To configure the kernel, we can use the built-in config facility of the running Amazon kernel. For that, simply uncompress the original Amazon sources and construct the “.config” file from the instance’s /proc filesystem. For example:

cd /usr/src/linux-2.6.16-xenU/
gunzip < /proc/config.gz > .config

then, apply the latest kernel patch on top of that. Here, the tricky part is that we’ll be trying to apply a patch prepared for the vanilla kernel version, but on top of a Xen-modified version. Therefore, this will likely result in conflicts when applied as is. While the patch I applied didn’t result in any conflict I couldn’t easily resolve, this might not always be the case. If you know what you are doing and the extent of the code you want to fix (or upgrade), you should just patch the affected files (usually only modules) and forget about any core kernel fixes. Remember that any kernel upgrades/fixes outside a loadable module won’t be visible anyway, since Amazon will always replace the kernel of an instance before booting.

For example, applying a complete patch to the amazon kernel will look something like:

bzip2 -d /tmp/patch-2.6.16.53.bz2
cd /usr/src/linux-2.6.16-xenU/
patch  -p1 < /tmp/patch-2.6.16.53  
find . -name '*.rej'
./arch/x86_64/ia32/Makefile.rej
./arch/i386/kernel/vm86.c.rej
./net/core/skbuff.c.rej
./Makefile.rej

Once you’ve resolved the conflicts we’re ready to compile and install:

make
make modules_install

If something broke, go back to the conflicts and fix whatever is broken. Once it all compiles, you should have the brand new modules installed in the “/lib/modules/2.6.16-xenU” directory! At that point you can take them for a spin and see if they can be loaded correctly. In the case of lvm, we can try to unload the existing ‘dm’ modules first (if any was loaded) and then load our new ones. If they load correctly we’ll have brand new, bug-fixed kernel modules at work for us.

Packaging the new modules to use for any future ec2 instance

The next step is to get these newly compiled modules and package them properly so we can use them in any of the ec2 instances that we wish. In my case, I used our RightSript infrastructure which allowed me to upgrade any of the templates that use LVM tools within minutes.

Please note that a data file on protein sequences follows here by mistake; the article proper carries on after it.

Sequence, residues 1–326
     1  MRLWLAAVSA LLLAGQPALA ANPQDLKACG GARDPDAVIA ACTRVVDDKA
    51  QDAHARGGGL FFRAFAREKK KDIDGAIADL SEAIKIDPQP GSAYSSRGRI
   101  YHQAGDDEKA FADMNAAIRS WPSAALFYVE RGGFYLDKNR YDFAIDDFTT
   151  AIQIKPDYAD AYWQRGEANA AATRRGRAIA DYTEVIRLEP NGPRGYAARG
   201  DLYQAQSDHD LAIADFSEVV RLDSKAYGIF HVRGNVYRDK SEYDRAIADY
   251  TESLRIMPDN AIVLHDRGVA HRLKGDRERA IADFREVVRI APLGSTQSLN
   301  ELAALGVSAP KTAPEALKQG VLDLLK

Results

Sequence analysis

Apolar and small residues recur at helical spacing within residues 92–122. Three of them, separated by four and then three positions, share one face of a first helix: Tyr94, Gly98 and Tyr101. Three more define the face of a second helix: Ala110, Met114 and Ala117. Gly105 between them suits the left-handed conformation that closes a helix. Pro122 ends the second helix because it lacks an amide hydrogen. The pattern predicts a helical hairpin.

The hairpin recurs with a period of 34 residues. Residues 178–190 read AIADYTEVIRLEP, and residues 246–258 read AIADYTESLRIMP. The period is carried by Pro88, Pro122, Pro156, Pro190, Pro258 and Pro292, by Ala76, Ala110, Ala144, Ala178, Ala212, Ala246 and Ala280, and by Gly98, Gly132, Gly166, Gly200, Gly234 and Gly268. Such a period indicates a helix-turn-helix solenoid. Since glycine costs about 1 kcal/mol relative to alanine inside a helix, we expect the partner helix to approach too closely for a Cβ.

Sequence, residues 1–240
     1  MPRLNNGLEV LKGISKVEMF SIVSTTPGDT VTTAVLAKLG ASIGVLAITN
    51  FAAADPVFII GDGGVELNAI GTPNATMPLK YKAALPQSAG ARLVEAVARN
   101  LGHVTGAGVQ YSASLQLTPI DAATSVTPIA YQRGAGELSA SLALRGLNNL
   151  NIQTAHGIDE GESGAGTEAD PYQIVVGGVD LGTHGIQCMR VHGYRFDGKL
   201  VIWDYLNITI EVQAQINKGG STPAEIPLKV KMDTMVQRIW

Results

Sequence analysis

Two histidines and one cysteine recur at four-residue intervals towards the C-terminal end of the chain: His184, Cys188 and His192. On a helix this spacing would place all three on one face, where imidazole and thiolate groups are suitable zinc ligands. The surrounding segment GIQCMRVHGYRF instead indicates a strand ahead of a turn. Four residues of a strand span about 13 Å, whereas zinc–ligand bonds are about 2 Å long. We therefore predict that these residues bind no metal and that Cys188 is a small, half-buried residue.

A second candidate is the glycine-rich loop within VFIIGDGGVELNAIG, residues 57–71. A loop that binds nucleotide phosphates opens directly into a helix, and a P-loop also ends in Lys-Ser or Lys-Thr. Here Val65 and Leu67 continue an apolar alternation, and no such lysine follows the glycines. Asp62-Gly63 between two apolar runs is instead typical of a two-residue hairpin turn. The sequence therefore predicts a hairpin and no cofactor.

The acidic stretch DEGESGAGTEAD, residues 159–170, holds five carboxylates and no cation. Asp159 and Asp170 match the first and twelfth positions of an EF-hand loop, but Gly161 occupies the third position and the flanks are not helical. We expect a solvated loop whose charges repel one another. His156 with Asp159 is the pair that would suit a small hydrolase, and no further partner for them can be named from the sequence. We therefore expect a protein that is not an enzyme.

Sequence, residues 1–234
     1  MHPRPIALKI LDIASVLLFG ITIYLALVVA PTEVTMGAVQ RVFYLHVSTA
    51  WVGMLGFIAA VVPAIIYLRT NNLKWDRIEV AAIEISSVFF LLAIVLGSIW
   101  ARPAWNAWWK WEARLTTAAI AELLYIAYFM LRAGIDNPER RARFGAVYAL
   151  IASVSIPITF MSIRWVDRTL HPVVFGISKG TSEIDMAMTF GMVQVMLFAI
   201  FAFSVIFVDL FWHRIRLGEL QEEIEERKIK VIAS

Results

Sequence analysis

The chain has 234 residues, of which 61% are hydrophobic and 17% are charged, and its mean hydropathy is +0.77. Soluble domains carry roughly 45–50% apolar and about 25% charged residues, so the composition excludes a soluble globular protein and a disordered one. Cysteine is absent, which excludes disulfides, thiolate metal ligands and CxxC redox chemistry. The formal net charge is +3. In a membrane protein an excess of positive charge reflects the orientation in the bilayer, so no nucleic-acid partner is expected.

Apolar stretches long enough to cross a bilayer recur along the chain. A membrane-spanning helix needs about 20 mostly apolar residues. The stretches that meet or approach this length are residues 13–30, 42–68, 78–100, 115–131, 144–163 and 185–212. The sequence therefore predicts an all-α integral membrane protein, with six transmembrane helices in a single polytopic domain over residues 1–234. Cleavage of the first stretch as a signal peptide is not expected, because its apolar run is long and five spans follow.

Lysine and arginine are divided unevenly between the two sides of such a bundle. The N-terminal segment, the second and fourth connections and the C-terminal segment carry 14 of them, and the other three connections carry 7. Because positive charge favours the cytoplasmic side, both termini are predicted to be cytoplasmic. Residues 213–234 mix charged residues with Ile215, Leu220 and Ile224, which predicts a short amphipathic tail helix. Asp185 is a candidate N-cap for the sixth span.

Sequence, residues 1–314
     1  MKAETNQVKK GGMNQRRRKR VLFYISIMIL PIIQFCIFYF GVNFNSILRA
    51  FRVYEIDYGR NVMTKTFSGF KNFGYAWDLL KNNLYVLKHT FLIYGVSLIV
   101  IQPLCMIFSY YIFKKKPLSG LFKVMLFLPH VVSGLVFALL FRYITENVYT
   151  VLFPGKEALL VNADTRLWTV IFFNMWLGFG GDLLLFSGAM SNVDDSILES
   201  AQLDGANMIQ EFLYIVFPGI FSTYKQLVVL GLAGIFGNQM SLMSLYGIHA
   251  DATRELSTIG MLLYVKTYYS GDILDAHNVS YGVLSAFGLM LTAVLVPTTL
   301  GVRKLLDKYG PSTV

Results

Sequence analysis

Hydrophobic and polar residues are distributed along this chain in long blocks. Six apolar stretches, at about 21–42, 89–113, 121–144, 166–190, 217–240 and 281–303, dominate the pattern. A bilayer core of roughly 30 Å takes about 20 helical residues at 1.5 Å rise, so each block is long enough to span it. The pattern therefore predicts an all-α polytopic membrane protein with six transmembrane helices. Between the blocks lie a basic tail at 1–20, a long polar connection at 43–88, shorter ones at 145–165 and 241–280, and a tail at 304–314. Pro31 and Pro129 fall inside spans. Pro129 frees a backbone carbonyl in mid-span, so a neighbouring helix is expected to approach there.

All I had to do is to package the kernel modules in a .tgz file and attach it to a new boot RightScript. This boot RightScript installs (i.e., replaces) the modules upon boot, removes any pre-loaded ‘dm’ modules, and loads up the newly installed ones. Here is the complete script:

#!/bin/bash -e
# Copyright (c) 2007 by RightScale Inc., all rights reserved

# First upgrade the kernel modules with some lvm fixes
# Try to unload the md modules if any is loaded (hopefully none will be in use)
echo "Unloading DM modules:" 
for m in `cat /proc/modules | grep ^dm_| cut -d' ' -f1`; do echo $m; modprobe -q -r $m; done

echo "Installing new/custom kernel modules..." 
(cd /lib/modules/ && tar xzf $ATTACH_DIR/modules-2.6.16.53-xenU.tgz )
echo "Loading the device mapper driver..." 
modprobe dm_mod

If you are not familiar with our scripts, any attachment uploaded to the web site will automatically be sent to the booting instance and the ATTACH_DIR environment variable is automatically set to reflect that temporary directory such that the RightScrips can locate it. In this case, only a single tgz file containing the modules was attached.

Now that I have this RightScript (I called it “upgrade LVM kernel modules”) I can seamlessly patch all my server templates by adding it to the list of boot scripts. Voila! Without any other changes, I ensured that the next time any of these templates are instantiated they will use the latest kernel modules and all the nice enhancements and bug fixes that come with them. My database backups are a lot happier now without kernel panics!